Society, businesses, and governments have realized that all stakeholders have to work for the common good. When they are successful at acting in a socially responsible way, corporations will and should claim credit. In acting according to the TBL model and promoting such acts, many corporations have reinvested their efforts and their profits in ways that can ultimately lead to the development of a sustainable economic system.
On the other hand, for some, CSR is nothing more than an opportunity for publicity as a firm tries to look good through various environmentally or socially friendly initiatives without making systemic changes that will have long-term positive effects. Carrying out superficial CSR efforts that merely cover up systemic ethics problems in this inauthentic way especially as it applies to the environment , and acting simply for the sake of public relations is called greenwashing. The company grew quickly and is now a global brand owned by Unilever, an international consumer goods company co-headquartered in Rotterdam, The Netherlands, and London, United Kingdom.
Our Economic Mission asks us to manage our Company for sustainable financial growth. Our Social Mission compels us to use our Company in innovative ways to make the world a better place.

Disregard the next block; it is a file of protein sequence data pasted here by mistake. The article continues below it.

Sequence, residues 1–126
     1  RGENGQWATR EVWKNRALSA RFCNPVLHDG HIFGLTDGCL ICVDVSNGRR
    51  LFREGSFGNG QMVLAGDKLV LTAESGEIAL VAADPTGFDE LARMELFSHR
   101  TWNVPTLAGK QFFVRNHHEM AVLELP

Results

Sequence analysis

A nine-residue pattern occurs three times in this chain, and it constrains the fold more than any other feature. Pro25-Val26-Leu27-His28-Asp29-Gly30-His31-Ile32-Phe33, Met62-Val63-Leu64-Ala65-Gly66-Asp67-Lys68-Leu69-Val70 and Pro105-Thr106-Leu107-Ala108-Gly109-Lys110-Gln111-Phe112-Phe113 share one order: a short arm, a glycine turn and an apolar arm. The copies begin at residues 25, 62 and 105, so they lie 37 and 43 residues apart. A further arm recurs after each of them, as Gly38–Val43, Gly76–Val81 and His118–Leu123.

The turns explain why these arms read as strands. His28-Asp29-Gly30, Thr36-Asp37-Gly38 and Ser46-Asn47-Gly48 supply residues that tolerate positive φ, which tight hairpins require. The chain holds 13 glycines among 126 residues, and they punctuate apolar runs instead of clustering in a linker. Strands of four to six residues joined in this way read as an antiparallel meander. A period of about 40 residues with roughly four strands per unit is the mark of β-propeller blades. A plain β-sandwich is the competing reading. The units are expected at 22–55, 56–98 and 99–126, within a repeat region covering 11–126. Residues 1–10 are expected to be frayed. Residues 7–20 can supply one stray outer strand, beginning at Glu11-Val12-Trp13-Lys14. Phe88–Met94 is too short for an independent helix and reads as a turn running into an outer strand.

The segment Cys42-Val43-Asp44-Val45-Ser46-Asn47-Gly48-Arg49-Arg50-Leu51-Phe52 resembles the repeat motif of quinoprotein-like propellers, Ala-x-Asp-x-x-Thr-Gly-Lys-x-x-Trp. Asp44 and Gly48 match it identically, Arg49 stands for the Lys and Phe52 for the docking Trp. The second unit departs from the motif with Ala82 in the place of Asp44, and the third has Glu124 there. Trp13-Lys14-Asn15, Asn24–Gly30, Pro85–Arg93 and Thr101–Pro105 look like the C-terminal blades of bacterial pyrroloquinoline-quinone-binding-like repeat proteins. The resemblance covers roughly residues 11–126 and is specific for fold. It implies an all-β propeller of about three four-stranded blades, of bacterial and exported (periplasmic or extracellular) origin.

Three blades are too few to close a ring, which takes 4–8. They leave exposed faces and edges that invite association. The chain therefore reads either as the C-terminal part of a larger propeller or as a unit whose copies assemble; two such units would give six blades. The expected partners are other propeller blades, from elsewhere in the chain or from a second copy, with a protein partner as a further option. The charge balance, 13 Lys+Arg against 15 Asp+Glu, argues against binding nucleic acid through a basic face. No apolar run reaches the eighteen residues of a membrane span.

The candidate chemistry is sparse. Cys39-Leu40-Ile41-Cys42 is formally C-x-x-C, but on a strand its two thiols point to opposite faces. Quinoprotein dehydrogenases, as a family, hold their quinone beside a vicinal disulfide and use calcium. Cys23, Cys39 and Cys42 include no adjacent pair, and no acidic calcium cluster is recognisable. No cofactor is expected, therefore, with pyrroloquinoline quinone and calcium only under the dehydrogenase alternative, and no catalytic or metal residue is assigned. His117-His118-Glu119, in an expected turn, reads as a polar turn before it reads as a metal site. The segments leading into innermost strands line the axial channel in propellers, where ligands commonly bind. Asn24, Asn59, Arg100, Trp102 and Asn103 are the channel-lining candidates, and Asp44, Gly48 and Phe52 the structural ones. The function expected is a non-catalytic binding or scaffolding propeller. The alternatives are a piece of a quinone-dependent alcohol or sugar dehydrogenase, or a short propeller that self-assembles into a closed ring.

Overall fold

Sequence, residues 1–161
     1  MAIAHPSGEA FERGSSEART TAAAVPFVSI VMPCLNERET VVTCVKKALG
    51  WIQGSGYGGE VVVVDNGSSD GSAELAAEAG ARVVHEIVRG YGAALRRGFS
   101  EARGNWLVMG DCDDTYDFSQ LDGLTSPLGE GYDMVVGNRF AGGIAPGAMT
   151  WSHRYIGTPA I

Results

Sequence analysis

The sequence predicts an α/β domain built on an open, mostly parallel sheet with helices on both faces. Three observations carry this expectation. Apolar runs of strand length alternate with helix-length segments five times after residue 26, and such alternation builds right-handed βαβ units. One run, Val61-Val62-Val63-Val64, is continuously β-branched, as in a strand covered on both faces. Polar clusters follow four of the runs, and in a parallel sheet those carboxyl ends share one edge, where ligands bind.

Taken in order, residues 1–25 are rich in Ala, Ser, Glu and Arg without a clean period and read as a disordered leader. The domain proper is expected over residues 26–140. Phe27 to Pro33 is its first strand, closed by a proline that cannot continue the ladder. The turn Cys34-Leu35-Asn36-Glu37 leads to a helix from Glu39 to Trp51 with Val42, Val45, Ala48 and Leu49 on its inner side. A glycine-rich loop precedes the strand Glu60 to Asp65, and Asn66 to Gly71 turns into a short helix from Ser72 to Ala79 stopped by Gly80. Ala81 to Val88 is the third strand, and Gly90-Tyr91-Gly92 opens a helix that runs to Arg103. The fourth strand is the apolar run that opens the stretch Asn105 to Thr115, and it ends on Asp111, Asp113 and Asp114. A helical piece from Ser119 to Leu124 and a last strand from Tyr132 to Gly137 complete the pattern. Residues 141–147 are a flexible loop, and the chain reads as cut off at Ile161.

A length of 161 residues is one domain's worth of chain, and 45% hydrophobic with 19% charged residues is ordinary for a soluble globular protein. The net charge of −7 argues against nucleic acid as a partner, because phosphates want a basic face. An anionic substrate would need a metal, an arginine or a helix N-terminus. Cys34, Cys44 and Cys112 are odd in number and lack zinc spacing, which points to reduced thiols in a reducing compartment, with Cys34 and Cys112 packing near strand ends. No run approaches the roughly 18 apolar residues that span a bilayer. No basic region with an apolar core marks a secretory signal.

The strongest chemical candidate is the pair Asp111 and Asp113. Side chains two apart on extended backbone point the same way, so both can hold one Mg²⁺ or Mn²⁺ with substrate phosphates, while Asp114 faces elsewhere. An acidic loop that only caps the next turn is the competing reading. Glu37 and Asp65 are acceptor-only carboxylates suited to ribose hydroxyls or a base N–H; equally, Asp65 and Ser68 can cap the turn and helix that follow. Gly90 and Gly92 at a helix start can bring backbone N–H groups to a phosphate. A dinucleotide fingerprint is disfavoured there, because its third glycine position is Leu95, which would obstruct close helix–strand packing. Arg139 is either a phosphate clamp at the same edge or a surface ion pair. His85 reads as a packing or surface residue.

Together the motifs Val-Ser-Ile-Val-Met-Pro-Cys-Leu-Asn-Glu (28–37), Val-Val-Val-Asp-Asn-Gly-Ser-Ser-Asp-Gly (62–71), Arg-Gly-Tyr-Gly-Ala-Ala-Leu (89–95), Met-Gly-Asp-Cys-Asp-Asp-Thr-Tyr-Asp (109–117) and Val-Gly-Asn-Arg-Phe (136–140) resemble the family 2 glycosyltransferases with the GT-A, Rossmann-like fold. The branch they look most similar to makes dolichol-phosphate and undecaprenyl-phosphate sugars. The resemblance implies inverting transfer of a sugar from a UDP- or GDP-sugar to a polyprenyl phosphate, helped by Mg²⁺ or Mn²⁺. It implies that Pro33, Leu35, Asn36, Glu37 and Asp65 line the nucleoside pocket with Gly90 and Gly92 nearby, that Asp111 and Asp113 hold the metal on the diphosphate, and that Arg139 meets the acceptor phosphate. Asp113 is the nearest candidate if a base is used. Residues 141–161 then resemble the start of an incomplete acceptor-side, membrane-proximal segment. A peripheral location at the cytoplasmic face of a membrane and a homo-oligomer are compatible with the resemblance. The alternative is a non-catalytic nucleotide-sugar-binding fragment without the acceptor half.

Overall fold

CAFOs have been condemned by animal-rights activists as harmful to the well-being of the animals. Consumer activists also claim that CAFOs contribute significantly to pollution because they release heavy concentrations of animal waste into the ground, water sources, and air.
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Coca-Cola provides another example of practices some would identify as greenwashing. Collect, select and manage all your projects in one single tool. Grant Management Sponsorship Management. About us Join us Contact us. Hit enter to search or ESC to close.
How to measure CSR impact? By bolliana binyakob October 31, Social Investment. No Comments 0. Most popular posts. Categories Grant management Social Investment Sponsorship management.
Focusing CSR choices: Guiding principles